ACT LEADS THE WAY, criminalises act of stealthing

ACT first to criminalise act of stealthing in Australia

The Australian Capital Territory (ACT) passed laws last week explicitly criminalising the act of ‘stealthing‘.

The law defines stealthing as a situation “where consent is given on the basis that a condom be used during sexual intercourse and the alleged offender either removes the condom or does not put on a condom at all and intentionally does not inform the other person”.

Stealthing ban a huge win for advocates

condom in a pocket if used correctly there is no stealthingFollowing the huge win the ACT, advocates are now pushing for implementation of the law across the nation.

The act of stealing has huge ramifications for physical and mental health. This includes STIs (sexually transmitted infections), unwanted pregnancies and post-traumatic stress.

Across the Tasman, New Zealand has set legal precedent clarifying that the act constitutes sexual assault.

In April, a Wellington man was found guilty of rape and sentenced to more than three years in prison, after twice removing a condom during intercourse. The judge found the assault had seriously risked the woman’s health and caused severe mental stress.

The United Kingdom, Switzerland, Canada and Germany have seen successful convictions for stealthing.

A clear guide for education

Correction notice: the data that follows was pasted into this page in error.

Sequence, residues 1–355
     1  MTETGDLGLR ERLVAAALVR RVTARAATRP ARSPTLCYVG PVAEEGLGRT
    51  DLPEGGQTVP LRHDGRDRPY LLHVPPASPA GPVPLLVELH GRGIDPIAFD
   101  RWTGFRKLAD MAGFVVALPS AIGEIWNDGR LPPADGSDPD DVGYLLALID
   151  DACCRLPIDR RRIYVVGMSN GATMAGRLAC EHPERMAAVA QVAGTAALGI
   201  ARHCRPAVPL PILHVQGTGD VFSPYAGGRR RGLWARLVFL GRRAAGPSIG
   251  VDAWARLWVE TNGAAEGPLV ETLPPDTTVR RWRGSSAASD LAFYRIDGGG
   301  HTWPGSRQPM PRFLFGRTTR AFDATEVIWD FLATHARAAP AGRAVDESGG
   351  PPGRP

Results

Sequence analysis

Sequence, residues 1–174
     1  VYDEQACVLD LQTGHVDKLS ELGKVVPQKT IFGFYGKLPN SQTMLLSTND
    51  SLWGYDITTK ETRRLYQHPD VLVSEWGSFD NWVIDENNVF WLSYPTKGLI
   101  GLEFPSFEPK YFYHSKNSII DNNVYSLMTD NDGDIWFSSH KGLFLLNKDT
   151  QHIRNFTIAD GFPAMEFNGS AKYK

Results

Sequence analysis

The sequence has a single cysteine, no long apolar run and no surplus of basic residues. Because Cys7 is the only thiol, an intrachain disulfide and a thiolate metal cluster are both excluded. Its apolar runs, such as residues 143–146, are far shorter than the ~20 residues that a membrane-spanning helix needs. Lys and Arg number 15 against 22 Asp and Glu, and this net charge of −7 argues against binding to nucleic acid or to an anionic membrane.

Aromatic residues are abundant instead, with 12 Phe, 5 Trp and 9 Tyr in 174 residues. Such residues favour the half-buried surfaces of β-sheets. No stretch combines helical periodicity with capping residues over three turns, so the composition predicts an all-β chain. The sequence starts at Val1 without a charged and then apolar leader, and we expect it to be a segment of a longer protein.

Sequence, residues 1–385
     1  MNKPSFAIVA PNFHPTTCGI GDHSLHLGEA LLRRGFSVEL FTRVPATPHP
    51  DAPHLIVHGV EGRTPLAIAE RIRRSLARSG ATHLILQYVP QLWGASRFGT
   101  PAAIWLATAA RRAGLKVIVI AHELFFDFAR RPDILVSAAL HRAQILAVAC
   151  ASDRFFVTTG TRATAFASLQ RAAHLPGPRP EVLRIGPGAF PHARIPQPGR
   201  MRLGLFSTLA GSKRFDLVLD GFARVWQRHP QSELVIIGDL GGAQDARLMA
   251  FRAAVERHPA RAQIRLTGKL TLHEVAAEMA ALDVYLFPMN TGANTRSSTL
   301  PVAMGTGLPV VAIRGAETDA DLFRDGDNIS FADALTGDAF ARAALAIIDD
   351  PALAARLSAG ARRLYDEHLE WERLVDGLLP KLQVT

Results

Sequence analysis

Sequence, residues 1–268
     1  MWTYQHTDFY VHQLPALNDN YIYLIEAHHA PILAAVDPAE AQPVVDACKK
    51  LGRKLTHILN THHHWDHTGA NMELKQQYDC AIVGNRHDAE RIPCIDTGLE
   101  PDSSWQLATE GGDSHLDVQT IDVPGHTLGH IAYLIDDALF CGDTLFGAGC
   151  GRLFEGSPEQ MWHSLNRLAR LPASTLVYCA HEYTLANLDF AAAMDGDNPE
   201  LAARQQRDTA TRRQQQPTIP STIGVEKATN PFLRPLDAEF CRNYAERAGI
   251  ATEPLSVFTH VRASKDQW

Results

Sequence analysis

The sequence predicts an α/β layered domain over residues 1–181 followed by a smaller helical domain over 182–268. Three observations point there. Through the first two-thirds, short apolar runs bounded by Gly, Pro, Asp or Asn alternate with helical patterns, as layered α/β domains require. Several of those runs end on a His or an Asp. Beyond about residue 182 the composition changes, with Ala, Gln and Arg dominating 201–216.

2018 study by Monash University and the Melbourne Sexual Health Centre  found a third of women, and almost 20% of men who have sex with men, had experienced stealthing.

condom in a packet2019 American study of 626 men, aged between 21 and 30, found 10% had non-consensually removed a condom. Of those who admitted to the offence, they had done it, on average, three to four times in their life.

CEO of Rape and Domestic Violence Services Australia Hayley Foster calls for the ACT’s new ‘stealthing’ laws to be replicated across Australia.

“The law is really important for setting norms and expectations and from there we can do some really important education

“It is a massive problem and it is a much bigger problem than we realise. Those of us that work on the front lines and supporting people directly impacted by sexual assault know that it’s something that has actually gotten worse over time.”

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